• You tell yourself there’s no point sitting down to write until X happens, or Y is resolved, or Z arrives because you just can’t give words your whole focus.

Pretending can also feel productive, but with a twist. We’ve written enough to gain entrance into the world of writers, but only just, and we go no further.

Examples of avoiding writing through pretending:

  • You work on writing or editing the same scene over and over instead of writing new material.
  • You abandon one writing project for another and do this over and over instead of finishing any.
  • You talk about writing instead of writing.
  • You attend writer’s group, conferences, and classes, often trotting out the same short story, instead of writing.

The best part about writer anxiety is that most writers go through it, so it’s not too difficult to find a friendly ear and a little commiseration. The worst part about writer anxiety is that so many people get stuck there.

Anxiety is not a bad thing by itself. Anxiety can clue us in that something is important or personal. It can indicate our story is going off track (or possibly that it should). The only bad anxiety is the one that keeps you from writing all together.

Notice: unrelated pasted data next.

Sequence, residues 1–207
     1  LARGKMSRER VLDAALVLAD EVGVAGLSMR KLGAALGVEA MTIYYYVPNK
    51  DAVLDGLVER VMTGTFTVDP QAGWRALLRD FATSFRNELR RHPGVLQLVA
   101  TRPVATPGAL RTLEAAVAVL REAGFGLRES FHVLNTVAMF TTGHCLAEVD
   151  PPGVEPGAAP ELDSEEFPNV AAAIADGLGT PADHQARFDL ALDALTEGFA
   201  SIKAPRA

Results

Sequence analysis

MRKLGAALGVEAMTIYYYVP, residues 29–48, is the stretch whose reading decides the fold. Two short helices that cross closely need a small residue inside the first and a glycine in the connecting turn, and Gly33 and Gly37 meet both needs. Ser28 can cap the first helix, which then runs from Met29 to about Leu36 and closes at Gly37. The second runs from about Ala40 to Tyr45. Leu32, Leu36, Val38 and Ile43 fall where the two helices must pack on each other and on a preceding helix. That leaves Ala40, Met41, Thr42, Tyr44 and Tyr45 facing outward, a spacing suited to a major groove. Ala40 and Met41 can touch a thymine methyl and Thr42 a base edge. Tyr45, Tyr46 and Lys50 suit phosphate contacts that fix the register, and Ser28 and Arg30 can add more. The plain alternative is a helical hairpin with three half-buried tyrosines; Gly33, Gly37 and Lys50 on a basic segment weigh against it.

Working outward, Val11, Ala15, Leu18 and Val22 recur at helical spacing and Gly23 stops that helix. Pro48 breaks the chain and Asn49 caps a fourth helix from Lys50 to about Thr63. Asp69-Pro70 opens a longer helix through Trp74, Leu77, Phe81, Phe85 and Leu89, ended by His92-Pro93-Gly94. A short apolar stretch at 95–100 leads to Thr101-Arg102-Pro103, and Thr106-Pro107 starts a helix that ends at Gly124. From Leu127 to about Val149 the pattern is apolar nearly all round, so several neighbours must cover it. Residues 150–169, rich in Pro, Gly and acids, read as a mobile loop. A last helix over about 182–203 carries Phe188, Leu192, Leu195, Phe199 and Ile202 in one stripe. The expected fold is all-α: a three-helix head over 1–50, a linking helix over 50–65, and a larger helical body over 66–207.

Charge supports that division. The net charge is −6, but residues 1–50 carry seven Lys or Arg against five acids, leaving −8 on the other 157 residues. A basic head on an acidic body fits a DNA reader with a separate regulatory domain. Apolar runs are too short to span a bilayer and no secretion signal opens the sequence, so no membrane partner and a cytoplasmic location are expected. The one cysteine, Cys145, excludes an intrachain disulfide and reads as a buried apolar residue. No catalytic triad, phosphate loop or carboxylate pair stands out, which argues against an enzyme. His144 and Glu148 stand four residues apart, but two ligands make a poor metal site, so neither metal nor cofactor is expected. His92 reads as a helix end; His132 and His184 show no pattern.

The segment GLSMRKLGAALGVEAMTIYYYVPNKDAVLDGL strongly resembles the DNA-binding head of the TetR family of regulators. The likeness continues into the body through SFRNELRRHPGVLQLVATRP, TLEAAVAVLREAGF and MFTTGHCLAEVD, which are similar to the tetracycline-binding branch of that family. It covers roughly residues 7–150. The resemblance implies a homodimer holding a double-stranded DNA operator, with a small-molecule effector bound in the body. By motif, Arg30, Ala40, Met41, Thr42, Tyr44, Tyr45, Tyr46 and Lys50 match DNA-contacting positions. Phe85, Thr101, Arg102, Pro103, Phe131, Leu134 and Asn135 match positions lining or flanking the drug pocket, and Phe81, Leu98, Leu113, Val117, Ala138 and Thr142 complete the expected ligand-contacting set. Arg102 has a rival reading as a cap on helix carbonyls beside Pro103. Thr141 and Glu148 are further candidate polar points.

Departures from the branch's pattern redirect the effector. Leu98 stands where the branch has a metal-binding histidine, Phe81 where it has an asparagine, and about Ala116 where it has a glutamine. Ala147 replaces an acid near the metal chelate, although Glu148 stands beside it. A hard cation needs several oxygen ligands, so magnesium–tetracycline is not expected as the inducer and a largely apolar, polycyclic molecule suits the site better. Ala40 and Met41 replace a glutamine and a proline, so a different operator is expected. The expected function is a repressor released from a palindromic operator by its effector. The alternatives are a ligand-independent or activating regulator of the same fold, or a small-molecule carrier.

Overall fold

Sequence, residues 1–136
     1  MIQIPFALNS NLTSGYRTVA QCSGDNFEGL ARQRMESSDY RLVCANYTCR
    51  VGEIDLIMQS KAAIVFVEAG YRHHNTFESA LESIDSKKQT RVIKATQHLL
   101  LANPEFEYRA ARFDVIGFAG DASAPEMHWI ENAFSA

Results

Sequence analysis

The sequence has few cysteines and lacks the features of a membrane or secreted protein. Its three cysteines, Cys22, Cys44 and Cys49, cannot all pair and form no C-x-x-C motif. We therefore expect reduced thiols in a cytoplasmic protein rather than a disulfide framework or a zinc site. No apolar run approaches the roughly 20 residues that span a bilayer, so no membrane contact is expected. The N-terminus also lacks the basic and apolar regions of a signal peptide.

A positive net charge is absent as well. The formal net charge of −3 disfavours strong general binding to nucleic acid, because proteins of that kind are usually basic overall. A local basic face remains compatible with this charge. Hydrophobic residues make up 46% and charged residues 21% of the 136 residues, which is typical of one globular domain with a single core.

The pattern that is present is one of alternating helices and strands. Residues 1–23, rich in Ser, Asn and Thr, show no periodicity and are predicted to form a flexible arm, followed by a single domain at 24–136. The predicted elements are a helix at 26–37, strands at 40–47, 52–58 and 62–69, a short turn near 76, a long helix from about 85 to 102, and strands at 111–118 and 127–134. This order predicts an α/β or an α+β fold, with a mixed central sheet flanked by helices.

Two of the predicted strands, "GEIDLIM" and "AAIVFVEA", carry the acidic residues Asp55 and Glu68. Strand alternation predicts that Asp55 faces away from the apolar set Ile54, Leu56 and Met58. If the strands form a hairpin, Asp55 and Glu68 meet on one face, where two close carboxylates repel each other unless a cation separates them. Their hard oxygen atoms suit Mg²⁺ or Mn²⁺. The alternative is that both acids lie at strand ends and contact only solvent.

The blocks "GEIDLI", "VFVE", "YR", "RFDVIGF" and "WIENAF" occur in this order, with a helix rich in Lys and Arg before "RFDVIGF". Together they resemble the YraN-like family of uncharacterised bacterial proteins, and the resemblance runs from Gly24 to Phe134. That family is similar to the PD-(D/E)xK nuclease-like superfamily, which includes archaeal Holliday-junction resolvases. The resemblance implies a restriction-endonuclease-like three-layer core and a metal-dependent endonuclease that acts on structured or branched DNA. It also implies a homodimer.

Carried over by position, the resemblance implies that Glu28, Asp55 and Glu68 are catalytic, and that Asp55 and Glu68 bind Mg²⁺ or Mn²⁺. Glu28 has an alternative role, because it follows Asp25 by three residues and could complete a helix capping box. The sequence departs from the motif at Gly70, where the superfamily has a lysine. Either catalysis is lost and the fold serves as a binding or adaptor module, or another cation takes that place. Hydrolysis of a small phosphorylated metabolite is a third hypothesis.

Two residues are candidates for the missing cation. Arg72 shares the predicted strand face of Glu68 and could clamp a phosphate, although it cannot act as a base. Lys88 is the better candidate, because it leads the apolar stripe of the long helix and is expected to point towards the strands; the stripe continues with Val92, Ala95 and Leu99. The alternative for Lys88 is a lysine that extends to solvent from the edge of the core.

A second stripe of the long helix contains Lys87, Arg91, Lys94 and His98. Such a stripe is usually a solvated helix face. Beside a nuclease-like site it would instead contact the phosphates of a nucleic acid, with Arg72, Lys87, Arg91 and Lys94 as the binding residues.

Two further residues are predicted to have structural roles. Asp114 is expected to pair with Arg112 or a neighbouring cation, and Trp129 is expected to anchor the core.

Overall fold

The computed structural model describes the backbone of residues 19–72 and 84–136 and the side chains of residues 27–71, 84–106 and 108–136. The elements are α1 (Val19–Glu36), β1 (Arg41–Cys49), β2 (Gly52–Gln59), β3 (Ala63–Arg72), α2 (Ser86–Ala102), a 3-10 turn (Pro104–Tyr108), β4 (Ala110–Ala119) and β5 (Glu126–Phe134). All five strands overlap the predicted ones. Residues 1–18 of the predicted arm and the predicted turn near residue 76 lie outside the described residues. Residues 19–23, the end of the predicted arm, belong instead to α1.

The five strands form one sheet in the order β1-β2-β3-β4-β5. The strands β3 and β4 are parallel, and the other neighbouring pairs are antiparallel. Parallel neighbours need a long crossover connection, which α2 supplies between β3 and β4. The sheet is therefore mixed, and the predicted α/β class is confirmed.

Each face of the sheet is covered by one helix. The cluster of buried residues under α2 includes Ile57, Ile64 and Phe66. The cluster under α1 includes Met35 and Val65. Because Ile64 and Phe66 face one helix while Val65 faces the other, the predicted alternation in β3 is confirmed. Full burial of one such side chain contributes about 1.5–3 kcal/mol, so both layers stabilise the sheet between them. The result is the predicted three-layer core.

Next week: Some ideas for overcoming (or at least getting along with) fear.


Did anything in the above lists feel familiar?

Writer Anxiety

Things Writers FearWriters are brave people. We hang our hearts out on the line every time we show our work to someone, whether it’s a family member, an agent, or a reader. Working with and rising above fear is the dividing line writers who write and writers who plan to write.

Today we’ll look at some of the common fears writers face. Next week, we’ll look at the symptoms or the ways those fears present themselves. The more you know, and the more you understand you are not alone, the easier it will be to address and move beyond anxiety.

The fears we face:

Fear of failure: The anxiety of starting a new project without knowing if we will be successful in writing something decent and good hits us all.